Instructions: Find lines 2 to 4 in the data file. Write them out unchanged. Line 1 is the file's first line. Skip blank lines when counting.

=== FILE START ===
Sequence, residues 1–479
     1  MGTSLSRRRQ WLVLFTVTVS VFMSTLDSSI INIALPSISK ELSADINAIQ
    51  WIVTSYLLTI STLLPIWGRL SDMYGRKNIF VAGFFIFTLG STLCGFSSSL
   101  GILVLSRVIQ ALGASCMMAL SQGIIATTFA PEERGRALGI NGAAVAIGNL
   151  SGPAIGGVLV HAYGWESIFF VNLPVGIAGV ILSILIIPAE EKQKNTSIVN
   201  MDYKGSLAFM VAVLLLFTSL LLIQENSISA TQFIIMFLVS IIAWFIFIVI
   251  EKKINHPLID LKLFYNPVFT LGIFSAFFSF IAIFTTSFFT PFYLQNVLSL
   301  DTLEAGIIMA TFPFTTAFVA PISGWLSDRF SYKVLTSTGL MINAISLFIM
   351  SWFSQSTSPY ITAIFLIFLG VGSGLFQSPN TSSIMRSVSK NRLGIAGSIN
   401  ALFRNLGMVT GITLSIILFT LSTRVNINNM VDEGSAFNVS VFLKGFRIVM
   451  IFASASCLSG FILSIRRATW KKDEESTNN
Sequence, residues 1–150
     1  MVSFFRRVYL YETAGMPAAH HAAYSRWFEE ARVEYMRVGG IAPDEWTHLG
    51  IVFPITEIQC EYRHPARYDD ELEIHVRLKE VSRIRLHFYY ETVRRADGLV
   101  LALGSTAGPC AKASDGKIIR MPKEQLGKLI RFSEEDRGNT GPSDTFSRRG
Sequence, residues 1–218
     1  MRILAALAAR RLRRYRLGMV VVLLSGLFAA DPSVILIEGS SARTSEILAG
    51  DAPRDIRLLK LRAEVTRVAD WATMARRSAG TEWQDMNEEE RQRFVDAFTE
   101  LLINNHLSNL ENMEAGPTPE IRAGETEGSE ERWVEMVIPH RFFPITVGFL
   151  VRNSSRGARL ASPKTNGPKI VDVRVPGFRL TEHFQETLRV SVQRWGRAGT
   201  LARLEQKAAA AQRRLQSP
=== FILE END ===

     1  MGTSLSRRRQ WLVLFTVTVS VFMSTLDSSI INIALPSISK ELSADINAIQ
    51  WIVTSYLLTI STLLPIWGRL SDMYGRKNIF VAGFFIFTLG STLCGFSSSL
   101  GILVLSRVIQ ALGASCMMAL SQGIIATTFA PEERGRALGI NGAAVAIGNL